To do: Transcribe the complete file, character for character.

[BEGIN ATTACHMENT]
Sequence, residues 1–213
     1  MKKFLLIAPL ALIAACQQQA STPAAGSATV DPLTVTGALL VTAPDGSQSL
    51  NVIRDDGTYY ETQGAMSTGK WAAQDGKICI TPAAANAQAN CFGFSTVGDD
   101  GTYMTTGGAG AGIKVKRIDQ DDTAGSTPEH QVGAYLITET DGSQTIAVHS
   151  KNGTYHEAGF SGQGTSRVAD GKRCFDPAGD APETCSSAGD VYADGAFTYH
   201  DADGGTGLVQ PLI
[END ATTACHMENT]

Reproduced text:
Sequence, residues 1–213
     1  MKKFLLIAPL ALIAACQQQA STPAAGSATV DPLTVTGALL VTAPDGSQSL
    51  NVIRDDGTYY ETQGAMSTGK WAAQDGKICI TPAAANAQAN CFGFSTVGDD
   101  GTYMTTGGAG AGIKVKRIDQ DDTAGSTPEH QVGAYLITET DGSQTIAVHS
   151  KNGTYHEAGF SGQGTSRVAD GKRCFDPAGD APETCSSAGD VYADGAFTYH
   201  DADGGTGLVQ PLI